Vol 3 Section 0807

1902                                                                            745

At the station here there came near being a tragedy. Clara had just stepped off our car and Father was following when a lightning express passed between our car and the platform. Some men yelled and the train whistled so that Clara leaped for the platform and Father managed to stay on the car steps. If either of them had been half a minute later (or earlier), they would have been killed” [Heritage Auction Archives Oct. 15, 2009, Lot 35132; “Be Sure and Save the Gentians,” by Peter Salwen, 2005].

Sarah A. Sage (widow of Dean Sage) wrote from Albany, NY to Sam, thanking him for his letter and “kind words of sympathy” [MTP].

Franklin G. Whitmore wrote to Sam, sorry he’d been unable to see him on the train the day before when he passed through, but he didn’t get Sam’s telegram until 2 p.m. and was busy at his office until 3. The train went through Hartford at 2:58 p.m. He wished Livy the best and extended any help [MTP]. Sam wrote on the env. “Telegram from Boston Hartford, 2 hours.”

October 17 FridaySam’s notebook : “Signed for 250 shares ($25,000) in the American Plasmon Co at 110-122 Broad st. I had previously paid in $5,000, which was the first call. Mr. Wright was there & Mr. Butters came pretty soon” [NB 45 TS 31]. Note: Howard E. Wright then President of the American branch, would later resign under a cloud of fraud. Henry A. Butters, an officer in the co.

October 18 SaturdayIn Riverdale, N.Y. Sam wrote to Edward W. Bok. “I wish I could, but I can’t, as I am barred by existing contracts” [MTP].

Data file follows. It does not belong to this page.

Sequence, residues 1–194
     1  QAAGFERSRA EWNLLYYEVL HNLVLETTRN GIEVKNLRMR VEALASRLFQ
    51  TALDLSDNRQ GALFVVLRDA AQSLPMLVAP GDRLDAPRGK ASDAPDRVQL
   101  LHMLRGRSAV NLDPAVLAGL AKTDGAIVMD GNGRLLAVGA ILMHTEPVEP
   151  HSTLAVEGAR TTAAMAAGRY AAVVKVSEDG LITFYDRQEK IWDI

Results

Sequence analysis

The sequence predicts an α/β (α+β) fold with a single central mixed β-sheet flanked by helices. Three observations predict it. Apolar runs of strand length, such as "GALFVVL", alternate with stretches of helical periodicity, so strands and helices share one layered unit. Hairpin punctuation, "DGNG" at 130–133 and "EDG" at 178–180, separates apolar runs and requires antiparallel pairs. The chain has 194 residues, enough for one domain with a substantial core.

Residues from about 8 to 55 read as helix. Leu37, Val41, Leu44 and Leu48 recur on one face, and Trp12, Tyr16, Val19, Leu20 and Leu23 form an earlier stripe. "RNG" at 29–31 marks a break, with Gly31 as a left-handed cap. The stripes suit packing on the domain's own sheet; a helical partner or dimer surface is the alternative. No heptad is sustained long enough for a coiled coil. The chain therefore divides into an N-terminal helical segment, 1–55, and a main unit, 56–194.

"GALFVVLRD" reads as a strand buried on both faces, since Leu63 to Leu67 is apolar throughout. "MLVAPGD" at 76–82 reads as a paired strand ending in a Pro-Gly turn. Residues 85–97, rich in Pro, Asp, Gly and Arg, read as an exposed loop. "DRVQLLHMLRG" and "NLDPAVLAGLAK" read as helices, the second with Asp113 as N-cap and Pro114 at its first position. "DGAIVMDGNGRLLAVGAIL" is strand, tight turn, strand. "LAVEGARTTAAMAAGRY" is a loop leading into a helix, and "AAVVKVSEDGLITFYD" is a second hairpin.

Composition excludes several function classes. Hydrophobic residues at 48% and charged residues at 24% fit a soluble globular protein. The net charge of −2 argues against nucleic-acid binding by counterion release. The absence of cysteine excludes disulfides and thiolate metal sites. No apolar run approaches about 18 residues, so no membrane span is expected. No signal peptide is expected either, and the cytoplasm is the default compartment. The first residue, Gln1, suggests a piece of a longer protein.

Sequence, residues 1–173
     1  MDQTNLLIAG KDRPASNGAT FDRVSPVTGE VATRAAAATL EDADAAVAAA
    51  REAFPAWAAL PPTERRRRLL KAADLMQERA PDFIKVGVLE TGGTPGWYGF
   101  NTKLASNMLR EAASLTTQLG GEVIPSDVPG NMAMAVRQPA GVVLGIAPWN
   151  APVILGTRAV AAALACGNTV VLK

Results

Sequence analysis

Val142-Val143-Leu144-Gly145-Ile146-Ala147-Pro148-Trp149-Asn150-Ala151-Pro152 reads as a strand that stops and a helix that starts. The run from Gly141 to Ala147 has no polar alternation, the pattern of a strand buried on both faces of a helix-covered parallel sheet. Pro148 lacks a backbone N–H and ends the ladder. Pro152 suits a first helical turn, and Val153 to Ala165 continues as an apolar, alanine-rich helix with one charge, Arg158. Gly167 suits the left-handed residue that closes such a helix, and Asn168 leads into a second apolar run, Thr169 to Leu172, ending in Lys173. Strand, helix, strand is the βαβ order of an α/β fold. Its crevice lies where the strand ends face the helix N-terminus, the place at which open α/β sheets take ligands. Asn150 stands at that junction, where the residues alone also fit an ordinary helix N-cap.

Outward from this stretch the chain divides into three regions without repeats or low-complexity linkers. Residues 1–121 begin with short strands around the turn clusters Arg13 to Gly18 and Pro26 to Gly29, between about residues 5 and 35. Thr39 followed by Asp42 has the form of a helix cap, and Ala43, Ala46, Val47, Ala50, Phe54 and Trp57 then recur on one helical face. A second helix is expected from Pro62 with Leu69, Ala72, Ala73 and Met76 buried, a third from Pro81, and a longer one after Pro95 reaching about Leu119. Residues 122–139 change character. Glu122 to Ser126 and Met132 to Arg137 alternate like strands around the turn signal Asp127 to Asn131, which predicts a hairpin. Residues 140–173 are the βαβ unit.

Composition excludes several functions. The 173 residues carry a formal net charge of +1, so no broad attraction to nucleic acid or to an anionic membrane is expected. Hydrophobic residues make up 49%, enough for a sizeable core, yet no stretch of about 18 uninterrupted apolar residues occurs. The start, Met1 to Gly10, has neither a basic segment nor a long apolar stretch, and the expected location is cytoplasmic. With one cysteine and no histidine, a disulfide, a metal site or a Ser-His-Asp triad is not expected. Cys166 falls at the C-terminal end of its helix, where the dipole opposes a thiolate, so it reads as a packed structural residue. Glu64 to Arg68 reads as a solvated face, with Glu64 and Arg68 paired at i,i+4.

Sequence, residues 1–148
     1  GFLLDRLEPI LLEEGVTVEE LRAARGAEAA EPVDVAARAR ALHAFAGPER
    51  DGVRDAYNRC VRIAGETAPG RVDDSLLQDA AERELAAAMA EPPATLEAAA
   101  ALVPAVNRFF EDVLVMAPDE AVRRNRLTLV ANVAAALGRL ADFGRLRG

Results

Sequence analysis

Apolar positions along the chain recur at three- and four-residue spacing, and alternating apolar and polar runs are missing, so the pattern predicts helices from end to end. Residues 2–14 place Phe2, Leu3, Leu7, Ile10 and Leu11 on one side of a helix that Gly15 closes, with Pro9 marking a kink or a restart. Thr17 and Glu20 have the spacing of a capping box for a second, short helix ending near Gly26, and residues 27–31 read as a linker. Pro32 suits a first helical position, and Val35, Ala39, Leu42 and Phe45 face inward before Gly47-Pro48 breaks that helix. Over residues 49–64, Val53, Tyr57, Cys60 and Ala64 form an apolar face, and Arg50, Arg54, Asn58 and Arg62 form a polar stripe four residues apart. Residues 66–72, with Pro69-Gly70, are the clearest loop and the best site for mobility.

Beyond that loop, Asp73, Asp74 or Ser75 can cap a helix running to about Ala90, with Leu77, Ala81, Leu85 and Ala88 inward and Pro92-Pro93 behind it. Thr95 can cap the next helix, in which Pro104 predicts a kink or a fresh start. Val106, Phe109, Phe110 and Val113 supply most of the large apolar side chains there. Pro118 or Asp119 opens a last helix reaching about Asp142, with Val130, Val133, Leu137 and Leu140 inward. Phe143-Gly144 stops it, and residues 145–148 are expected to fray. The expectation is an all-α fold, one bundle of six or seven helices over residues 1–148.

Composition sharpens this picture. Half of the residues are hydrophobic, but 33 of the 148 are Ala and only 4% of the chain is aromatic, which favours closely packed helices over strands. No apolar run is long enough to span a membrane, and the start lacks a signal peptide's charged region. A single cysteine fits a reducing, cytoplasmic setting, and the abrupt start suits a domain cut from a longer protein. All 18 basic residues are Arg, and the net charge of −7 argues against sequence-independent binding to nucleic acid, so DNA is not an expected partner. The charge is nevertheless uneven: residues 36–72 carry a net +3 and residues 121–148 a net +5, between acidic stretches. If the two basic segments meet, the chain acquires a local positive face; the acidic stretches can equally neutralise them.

Sam also wrote to John Y. MacAlister.

Mrs. Clemens is going to stay with us a good while yet, the doctors say: so to-day I have returned the Amended Obituaries to the Harper’s & told them to publish it in the Weekly about Nov. 20—ten days before my birthday. You can do the same in London if you like. The birthday is Sunday, Nov. 30; there’s to be a birthday banquet in New York, & I hope to have a bright obituary or two to read there & comment on [MTP].

Sam also wrote to Franklin G. Whitmore, asking him to look in the safe and send “a bundle of MS entitled ‘Captain Stormfield’s Visit to Heaven’ & express it to me.”

The madam talks to Clara & the nurse—although strictly forbidden by the doctor to do it—& she is determined to build an addition at Tarrytown. We have the plans, & it will not cost less than $30,000. But I won’t consent to put a dollar there that the Hartford house doesn’t furnish. She’ll have to take $30,000 for that house if she can’t do any better. (I myself would take it in a minute.)

I like the idea of the auction.

If the house were pulled down—oh hell, the subject is a kind of maddening one [MTP].

Sam also replied to Theodore Weld Stanton who requested a visit (not extant). “Any time, now, that suits

your convenience. But better telephone, first, to make sure” [MTP].

Sam’s notebook recorded another instance of Post Office negligence, the object of one of his crusades: “The suicide, Ida C. Craddock, announced it by mail 7.30 p.m. (posted it). U. Sam delivered it 13 hours later—too late. Should have done it in 1 ½ h; the W.U. [Western Union] could do it in 2. / The U.S. marks delivery time—the W.U. dasn’t” [NB 45 TS 31].

Note: Ida C. Craddock (1857-1902), writer and advocate of free speech and women’s rights, had an obsession with the occult to the point of being seen as a crackpot (she claimed to have an ongoing marital relationship with an angel named Soph, and called herself a “Priestess and Pastor of the Church of Yoga.” She was the subject of a Federal indictment for distributing Right Marital Living via the U.S. Mail. She committed suicide on Oct. 16 after writing a letter to her mother, who had tried to have her institutionalized.

SLC used mourning border for most letters from Susy’s death on, then from Livy’s death on.